Peel 2 medium-sized yellow potatoes (e.g., Yukon Golds) and slice into ¼-inch rounds. Cover the bottom of the baking dish with a single, overlapping layer of potatoes. As you arrange the slices in the dish, season the potatoes with kosher salt and freshly ground black pepper. You will add salt and pepper to each following vegetable layer, so season judiciously. Peel a medium eggplant and slice it into ¼-inch rounds. Place a single layer of eggplant slices on top of the potatoes and season. Slice a medium zucchini into rounds—again ¼-inch thick—and layer on top of the eggplant, seasoning the squash layer to taste. Next, peel a large yellow (or white or red or sweet) onion and make ¼-inch thick slices and lay these into the dish in a single layer, seasoning as you go. Finally, slice enough ripe tomatoes to cover the onions and lightly season this final vegetable layer.

Pour about ¼ cup water or tomato sauce over the vegetables.

Place seasoned lamb shoulder chops on top of the tomatoes and cover the baking dish with foil. Place the package in the oven and bake for approximately 1 hour. Remove the foil and flip the lamb chops over and return to the oven to bake for another 15 minutes. Flip the lamb chops again and increase the oven temperature to 400°F and bake for 15 more minutes until the chop look browned.

As I mentioned, countless versions of Tava exist, so feel free to add or subtract vegetables to satisfy your family’s palate. As a general rule, vegetables that give up their liquid sit on top of vegetables that absorb liquid.


Personally, I like to salt the lamb shoulder chops the night before I make Tava. I put a rack into a baking sheet and dust the lamb with kosher salt and refrigerate the lamb, uncovered, overnight. I also like to use mild red pepper flakes—think Aleppo or Marash or Piment d’ville—when seasoning the vegetables and lamb. Sometimes I substitute a splash of dashi (here) in place of water or tomato sauce. I think this completely and utterly nontraditional ingredient adds a lovely smoky flavor to this simple dish.

If you want to have a true Armenian experience, serve Tava with an authentic Armenian Pilaf (here). The lamb and vegetables and pilaf marry beautifully.


Sunday, June 25, 2017

Blackberry Whisky


A number of years ago I purchased Booze by John Wright (2013, Bloomsbury). Booze, the twelfth installment in a series of River Cottage Handbooks, guides the reader on how to make infusions, wine, cider and beer. Other handbooks in River Cottage series explore subjects such as Chicken & Eggs; Curing & Smoking; Edible Seashore; Hedgerow; Pigs & Pork; Sea Fishing; and Veg Patch.

I bought Booze to learn more about British infusions. Wright marries his knowledge as a “dedicated forager” with his enthusiasm for infusing. He writes that “few items of vegetable matter have escaped my infuser’s hand.” Case in point, Booze sports a recipe for Oak moss gin.

Booze covers four types of infusions: fruit, nut, floral and plant. Wright instructs the reader on the making of Sloe gin; Sea buckthorn vodka; Haw gin; Gorse flower white rum; Sweet vernal grass vodka, and even Absinthe. But perhaps the Best In Show infusion in Booze goes to Blackberry whisky. Wright writes: “[it] is one of the finest of all infusions, a rival to even sloe gin.” To make Blackberry whisky you need only sugar in addition to the drink’s titular ingredients. Wright’s instructions follow.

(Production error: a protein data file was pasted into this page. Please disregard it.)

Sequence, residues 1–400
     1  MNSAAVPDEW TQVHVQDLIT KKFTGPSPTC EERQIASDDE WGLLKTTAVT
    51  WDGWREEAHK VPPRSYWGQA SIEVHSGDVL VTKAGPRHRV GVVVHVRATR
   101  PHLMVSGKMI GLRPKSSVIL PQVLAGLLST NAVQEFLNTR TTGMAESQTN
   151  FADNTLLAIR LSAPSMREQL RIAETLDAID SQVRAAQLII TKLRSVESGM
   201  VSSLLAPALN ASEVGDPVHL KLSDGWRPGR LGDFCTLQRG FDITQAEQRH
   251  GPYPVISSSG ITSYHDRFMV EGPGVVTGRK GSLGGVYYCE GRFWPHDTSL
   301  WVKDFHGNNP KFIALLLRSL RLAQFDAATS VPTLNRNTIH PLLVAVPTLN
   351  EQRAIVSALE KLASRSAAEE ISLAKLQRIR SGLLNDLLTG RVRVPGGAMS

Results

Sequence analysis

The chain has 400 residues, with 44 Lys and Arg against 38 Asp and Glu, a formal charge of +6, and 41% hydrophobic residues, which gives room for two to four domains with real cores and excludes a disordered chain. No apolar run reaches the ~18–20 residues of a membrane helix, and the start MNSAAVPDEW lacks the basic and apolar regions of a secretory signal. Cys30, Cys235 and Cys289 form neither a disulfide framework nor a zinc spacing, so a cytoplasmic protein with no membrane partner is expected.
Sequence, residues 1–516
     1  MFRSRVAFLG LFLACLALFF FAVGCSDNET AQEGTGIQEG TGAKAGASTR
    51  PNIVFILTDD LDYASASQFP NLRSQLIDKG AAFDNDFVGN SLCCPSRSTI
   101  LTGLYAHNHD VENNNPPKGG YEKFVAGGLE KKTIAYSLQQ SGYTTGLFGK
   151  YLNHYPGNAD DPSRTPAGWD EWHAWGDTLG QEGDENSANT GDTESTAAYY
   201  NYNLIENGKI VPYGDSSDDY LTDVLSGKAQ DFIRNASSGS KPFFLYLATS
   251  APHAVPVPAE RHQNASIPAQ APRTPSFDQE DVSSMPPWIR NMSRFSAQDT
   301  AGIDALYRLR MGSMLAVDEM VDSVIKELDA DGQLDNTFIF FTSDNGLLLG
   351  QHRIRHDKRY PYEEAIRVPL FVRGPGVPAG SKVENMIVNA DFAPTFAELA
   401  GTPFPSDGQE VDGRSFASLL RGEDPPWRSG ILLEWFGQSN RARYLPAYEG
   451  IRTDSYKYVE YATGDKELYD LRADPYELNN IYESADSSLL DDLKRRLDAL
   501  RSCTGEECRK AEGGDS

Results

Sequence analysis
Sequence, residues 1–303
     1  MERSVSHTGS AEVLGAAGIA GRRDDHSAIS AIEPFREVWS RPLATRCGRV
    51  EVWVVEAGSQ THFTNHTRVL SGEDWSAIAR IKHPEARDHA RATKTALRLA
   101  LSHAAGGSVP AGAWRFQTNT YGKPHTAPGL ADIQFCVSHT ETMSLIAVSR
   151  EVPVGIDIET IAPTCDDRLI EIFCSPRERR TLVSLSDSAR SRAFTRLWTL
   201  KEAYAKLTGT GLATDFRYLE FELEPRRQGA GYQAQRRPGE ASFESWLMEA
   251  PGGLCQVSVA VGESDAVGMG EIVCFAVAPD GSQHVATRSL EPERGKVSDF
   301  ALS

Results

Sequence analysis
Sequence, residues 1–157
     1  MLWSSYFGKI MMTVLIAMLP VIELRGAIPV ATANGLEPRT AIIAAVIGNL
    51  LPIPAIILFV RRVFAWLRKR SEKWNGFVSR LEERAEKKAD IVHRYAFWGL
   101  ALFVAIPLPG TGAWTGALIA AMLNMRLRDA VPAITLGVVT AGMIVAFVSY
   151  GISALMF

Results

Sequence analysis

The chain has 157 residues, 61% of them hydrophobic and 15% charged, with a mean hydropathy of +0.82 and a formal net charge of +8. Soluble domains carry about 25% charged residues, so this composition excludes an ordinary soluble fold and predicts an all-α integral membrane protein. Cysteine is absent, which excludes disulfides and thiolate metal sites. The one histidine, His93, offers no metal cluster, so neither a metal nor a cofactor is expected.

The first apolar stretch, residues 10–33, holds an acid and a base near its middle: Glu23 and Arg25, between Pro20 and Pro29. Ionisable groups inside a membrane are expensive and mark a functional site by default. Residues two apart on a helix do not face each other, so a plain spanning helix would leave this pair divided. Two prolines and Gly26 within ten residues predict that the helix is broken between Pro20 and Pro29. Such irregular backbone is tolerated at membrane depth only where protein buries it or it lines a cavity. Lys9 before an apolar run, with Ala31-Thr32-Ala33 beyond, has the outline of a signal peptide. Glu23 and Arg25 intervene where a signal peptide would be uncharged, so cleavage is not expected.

Two-thirds fill a Kilner jar with blackberries, then sprinkle sugar over them until it covers the bottom half of the fruit. The blackberries should be dry for this operation otherwise the sugar will not flow. Top the jar with whisky, close the lid and shake gently. Store in a dark cupboard and shake once a day until the sugar has dissolved.

After 6 months, decant the infused whisky into a bottle and store for at least a year to mature.


Since buying Booze I’ve made three batches of Blackberry whisky. I call my 2015 batch The Inferno because I completely disregarded Wright’s counsel on whisky selection: “Do use cheap whisky for this recipe as there is a special pit in hell for those who drink good whisky in any way other than on its own.” I dipped into a bottle of Laphroaig Quarter Cask (so, I guess, I’m going to hell). Save your soul and don’t make the same mistake (and furthermore, to my taste, the Laphroaig’s intense peatiness makes it a questionable base solvent).

In 2016 I made two different version of Blackberry whisky: one using a bottle of Jameson Irish Whiskey and the other with Buffalo Trace Kentucky Bourdon Whiskey. Both batches taste promising. I used foraged Evergreen blackberries in the bourdon version and a mixture of Evergreen and Himalayan blackberries with the Jameson. Aside: One day I hope to make Blackberry whisky with a local native blackberry variety called the Pacific blackberry or Northwest dewberry. These small berries taste outstanding, but I rarely find even a handful per season. Between the ubiquitous Himalayan and Evergreen blackberries, I prefer the latter, but pick according to your personal taste.

And speaking of taste: How does Blackberry whisky taste? Wright encourages his readers to make this infusion with these words: “For those few who do not like blackberries and the many more who do not like whisky I have some good news. Given time—about a year, but two is better—the flavour mellows into something quite its own, not dissimilar from port, and with never a hint of peat bogs and barely a trace of blackberry crumble.” No hint of peat…unless, of course, you use Laphroaig. Did I mention that I have a special pit in hell?